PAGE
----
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Low Vision and Visual Hallucinations

Illustrating Visual HallucinationsAny eye condition that results in vision loss can lead a person to experience visual hallucinations. Wet age-related macular degeneration (AMD) is no exception. Wet AMD is caused by new blood vessels leaking fluid into the retina, resulting in permanent macular damage and vision loss. 

Visual hallucinations caused by vision loss are also known as Charles Bonnet syndrome (CBS) — an infrequent yet disabling symptom of wet AMD. These hallucinations, unrelated to mental illness, can be highly disconcerting and even frightening when they first appear.

The hallucinations have no known cure or single treatment. However, by understanding what causes them, you’ll be able to reduce your anxiety when they occur and establish techniques to get through them with minimal discomfort. 

Contact Ohio Low Vision Center if you're experiencing vision loss and associated hallucinations. We can help you manage your symptoms and help you maximize your remaining vision. 

What is Charles Bonnet Syndrome?

It is estimated that 50-60% of people suffering from severe vision loss experience visual hallucinations. Patterns, as well as more complex pictures such as people, animals, flowers, and buildings, can appear during these hallucinations. 

This occurs because, in patients with severe eye diseases, such as age-related macular degeneration, glaucoma, or diabetic retinopathy, the eyes no longer send visual signals to the brain as before. Without them, the brain fills the void by recalling images from memory, resulting in visual hallucinations.

CBS was named after Charles Bonnet, an 18th-century Swiss scientist who first identified this condition in his grandfather and then developed it himself.

What Do Visual Hallucinations Look Like?

CBS hallucinations may appear as simple as flashes of light, colors or shapes.

Others may experience more complex structures, such as geometrical grids and lattices.

Landscaped gardens, animals, people, and a procession of costumed characters wearing hats have also been reported by CBS patients.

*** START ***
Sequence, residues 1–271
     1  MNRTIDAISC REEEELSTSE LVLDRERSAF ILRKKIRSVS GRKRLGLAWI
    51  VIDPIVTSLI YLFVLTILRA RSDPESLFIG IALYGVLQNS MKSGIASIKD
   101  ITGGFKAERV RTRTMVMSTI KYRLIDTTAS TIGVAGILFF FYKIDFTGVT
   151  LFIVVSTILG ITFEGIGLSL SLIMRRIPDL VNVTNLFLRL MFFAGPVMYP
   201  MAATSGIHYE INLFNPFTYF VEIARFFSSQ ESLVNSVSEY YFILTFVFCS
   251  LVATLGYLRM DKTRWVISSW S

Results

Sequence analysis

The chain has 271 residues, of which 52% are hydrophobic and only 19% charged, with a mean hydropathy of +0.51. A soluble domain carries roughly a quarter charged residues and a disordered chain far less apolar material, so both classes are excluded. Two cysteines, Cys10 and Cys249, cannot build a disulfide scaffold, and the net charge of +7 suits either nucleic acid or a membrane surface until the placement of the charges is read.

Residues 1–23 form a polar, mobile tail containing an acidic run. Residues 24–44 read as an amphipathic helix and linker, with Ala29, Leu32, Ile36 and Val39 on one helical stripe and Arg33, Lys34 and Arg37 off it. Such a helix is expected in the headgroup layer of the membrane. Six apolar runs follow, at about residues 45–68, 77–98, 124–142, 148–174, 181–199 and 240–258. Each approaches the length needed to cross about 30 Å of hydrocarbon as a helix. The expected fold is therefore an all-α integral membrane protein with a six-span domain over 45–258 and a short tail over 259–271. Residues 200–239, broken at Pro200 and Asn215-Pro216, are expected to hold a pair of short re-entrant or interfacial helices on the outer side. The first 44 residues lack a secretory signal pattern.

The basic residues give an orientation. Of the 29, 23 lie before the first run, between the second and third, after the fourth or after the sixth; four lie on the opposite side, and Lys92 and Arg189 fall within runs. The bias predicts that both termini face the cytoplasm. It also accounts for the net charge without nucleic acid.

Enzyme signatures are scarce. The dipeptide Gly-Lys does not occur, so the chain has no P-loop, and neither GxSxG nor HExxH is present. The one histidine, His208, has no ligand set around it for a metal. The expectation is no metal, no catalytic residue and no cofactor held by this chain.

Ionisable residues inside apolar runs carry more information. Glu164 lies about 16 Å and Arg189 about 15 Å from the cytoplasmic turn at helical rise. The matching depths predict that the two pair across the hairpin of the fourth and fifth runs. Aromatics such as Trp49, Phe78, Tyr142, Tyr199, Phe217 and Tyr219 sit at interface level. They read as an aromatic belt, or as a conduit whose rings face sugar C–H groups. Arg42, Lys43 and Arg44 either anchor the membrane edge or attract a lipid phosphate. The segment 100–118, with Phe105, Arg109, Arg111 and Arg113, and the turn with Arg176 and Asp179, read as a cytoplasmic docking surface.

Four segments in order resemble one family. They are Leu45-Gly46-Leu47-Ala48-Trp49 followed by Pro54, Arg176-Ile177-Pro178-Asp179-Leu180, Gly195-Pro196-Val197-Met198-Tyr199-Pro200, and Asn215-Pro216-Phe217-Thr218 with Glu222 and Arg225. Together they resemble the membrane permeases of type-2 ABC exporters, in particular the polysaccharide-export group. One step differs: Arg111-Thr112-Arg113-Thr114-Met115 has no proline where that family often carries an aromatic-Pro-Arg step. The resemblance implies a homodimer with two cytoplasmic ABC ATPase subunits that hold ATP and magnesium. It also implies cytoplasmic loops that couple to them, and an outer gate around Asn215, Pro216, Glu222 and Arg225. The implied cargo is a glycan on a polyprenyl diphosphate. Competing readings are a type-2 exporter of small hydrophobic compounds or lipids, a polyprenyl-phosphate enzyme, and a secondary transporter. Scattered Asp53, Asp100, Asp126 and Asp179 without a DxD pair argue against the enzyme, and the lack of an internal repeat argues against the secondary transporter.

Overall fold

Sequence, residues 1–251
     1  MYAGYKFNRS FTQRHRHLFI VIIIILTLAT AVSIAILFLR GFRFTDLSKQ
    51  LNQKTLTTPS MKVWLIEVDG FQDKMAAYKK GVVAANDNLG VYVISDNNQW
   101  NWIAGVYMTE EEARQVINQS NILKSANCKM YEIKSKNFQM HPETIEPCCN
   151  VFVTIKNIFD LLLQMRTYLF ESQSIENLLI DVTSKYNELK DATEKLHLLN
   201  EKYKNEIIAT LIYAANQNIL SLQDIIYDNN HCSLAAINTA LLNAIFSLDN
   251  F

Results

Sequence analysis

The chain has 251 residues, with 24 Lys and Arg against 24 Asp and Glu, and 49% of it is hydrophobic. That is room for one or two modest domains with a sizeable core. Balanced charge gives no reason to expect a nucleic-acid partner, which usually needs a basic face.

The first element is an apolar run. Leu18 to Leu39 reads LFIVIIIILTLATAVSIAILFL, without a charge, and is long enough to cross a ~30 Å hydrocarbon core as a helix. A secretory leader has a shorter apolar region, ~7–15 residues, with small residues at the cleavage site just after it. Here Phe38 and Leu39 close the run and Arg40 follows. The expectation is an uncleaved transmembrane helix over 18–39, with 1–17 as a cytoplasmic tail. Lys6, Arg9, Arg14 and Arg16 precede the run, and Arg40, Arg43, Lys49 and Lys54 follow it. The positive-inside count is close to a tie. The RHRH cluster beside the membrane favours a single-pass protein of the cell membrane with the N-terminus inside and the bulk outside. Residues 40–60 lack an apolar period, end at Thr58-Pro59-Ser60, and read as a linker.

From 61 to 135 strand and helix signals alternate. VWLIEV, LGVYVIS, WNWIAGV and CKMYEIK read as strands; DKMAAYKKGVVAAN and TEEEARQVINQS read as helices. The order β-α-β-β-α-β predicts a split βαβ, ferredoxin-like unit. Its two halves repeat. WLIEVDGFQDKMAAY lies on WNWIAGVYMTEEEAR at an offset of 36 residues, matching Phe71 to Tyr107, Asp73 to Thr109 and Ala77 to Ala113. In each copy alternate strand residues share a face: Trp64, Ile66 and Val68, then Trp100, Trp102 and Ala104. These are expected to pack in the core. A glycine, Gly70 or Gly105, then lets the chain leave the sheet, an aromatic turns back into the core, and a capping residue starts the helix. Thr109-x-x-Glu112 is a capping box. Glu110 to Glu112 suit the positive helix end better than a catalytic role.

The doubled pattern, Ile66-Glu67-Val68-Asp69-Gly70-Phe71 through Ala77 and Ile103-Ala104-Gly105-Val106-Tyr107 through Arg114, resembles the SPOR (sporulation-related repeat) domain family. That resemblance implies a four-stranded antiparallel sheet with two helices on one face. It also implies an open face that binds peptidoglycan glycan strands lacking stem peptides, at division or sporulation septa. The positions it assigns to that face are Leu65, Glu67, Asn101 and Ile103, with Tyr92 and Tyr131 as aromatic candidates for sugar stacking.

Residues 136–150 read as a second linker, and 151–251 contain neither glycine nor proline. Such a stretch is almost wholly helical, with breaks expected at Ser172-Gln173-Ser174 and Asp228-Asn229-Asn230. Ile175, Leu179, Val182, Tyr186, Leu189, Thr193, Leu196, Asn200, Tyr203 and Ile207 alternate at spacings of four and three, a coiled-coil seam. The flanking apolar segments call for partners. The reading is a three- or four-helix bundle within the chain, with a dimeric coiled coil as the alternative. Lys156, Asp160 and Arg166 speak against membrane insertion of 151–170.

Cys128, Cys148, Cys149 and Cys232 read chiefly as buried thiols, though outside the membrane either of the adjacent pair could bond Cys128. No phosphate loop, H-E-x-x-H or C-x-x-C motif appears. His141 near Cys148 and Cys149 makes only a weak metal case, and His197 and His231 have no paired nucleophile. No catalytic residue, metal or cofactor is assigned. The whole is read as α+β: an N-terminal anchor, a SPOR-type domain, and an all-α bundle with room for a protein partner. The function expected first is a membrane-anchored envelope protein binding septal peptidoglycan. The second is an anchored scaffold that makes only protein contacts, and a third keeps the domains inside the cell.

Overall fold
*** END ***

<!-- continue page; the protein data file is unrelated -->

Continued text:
Some people find their hallucinations enjoyable, while others find them to be an unwelcome inconvenience, especially if they temporarily obstruct vision.

When Do Visual Hallucinations Occur?

CBS hallucinations come and go without warning, typically spanning over months or years, with no apparent reason and no connection to cognitive or psychiatric disease.

The syndrome’s prevalence in patients with visual impairment varies from 10% to 15%, but can also affect patients with other eye conditions or diseases, including glaucoma and stroke.

While CBS is more frequent in those over the age of 80, it can affect anyone at any age. In fact, people can also experience visual hallucinations even if they just have minor vision loss or small blind spots.

What Causes CBS?

Exactly what causes visual hallucinations is unknown, but researchers believe that the interruption or destruction of nerve cells leads to the loss of signals from the eye to the brain. MRIs show that these visual signals ordinarily inhibit some nerve activity in the brain. So when the signals between the eye and brain are missing, there is more spontaneous nerve activity, which is perceived as hallucinations.

How to Manage Visual Hallucinations

Eye movements appear to reduce the severity and duration of hallucinations. Even if individuals have limited remaining vision, eye movements engage visual areas of the brain in people with macular degeneration. Certain types of hallucinations, notably patterns and colors, may be stopped by these motions.

Eye doctors recommend patients consciously move their eyes when experiencing a hallucination.

Try the following exercise:

    • Imagine two locations on a wall in front of you that are about 3 feet apart from each other. For 15–30 seconds, stand 3.5 feet away and glance from one place to the other once every second or faster. When looking left and right, don't move your head and keep your eyes open. 
    • Repeat the exercise if your hallucinations are still there.

    The technique is unlikely to work if the hallucinations have not stopped after four or five attempts. However, you might want to try again later.

    Other ways to stop a hallucination:

    • Look away from the image towards an object on the side of your vision or shut your eyes
    • Turn on the lights in the room or, if you're in a brightly lit room, go somewhere darker.
    • Get up and engage in physical activity.

    If you have wet AMD and are experiencing visual hallucinations, contact Ohio Low Vision Center. We can help.

    Our practice serves patients from Stow, Akron, Cleveland, and Youngstown, Ohio and surrounding communities.


    Frequently Asked Questions with Dr. Heather Alcorn

    Q: Are there risk factors for CBS?

    • A: While people of any age can be affected by Charles Bonnet hallucinations, it tends to occur later in life and usually after a sudden deterioration of vision.

    Q: Can other conditions cause visual hallucinations?

    • A: Other disorders that might cause visual hallucinations include psychiatric diseases and neurologic conditions like Parkinson's disease and Alzheimer's disease. Visual hallucinations can also be caused by a variety of prescription and illegal substances, as well as withdrawal from drugs or alcohol. Speak with your eye doctor if you are experiencing hallucinations.

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